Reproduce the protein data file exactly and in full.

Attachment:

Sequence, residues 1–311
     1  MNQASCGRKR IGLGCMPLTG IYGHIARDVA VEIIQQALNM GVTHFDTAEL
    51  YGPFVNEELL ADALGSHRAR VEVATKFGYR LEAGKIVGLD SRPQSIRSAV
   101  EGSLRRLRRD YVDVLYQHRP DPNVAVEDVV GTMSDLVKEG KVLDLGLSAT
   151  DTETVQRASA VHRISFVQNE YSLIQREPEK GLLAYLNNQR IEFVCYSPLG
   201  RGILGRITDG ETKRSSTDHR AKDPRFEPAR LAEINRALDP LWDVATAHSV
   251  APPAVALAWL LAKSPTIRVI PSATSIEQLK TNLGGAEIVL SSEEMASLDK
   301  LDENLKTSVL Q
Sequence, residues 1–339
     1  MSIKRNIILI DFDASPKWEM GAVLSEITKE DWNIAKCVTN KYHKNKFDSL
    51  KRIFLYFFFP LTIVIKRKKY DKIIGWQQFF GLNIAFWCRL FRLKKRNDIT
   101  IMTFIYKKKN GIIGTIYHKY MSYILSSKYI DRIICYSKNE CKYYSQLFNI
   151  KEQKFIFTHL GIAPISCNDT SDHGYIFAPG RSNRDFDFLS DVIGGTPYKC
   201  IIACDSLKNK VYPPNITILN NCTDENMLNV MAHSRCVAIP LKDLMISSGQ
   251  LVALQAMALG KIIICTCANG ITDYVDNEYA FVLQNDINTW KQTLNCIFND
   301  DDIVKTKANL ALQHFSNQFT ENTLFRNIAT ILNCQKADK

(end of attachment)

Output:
Sequence, residues 1–311
     1  MNQASCGRKR IGLGCMPLTG IYGHIARDVA VEIIQQALNM GVTHFDTAEL
    51  YGPFVNEELL ADALGSHRAR VEVATKFGYR LEAGKIVGLD SRPQSIRSAV
   101  EGSLRRLRRD YVDVLYQHRP DPNVAVEDVV GTMSDLVKEG KVLDLGLSAT
   151  DTETVQRASA VHRISFVQNE YSLIQREPEK GLLAYLNNQR IEFVCYSPLG
   201  RGILGRITDG ETKRSSTDHR AKDPRFEPAR LAEINRALDP LWDVATAHSV
   251  APPAVALAWL LAKSPTIRVI PSATSIEQLK TNLGGAEIVL SSEEMASLDK
   301  LDENLKTSVL Q
Sequence, residues 1–339
     1  MSIKRNIILI DFDASPKWEM GAVLSEITKE DWNIAKCVTN KYHKNKFDSL
    51  KRIFLYFFFP LTIVIKRKKY DKIIGWQQFF GLNIAFWCRL FRLKKRNDIT
   101  IMTFIYKKKN GIIGTIYHKY MSYILSSKYI DRIICYSKNE CKYYSQLFNI
   151  KEQKFIFTHL GIAPISCNDT SDHGYIFAPG RSNRDFDFLS DVIGGTPYKC
   201  IIACDSLKNK VYPPNITILN NCTDENMLNV MAHSRCVAIP LKDLMISSGQ
   251  LVALQAMALG KIIICTCANG ITDYVDNEYA FVLQNDINTW KQTLNCIFND
   301  DDIVKTKANL ALQHFSNQFT ENTLFRNIAT ILNCQKADK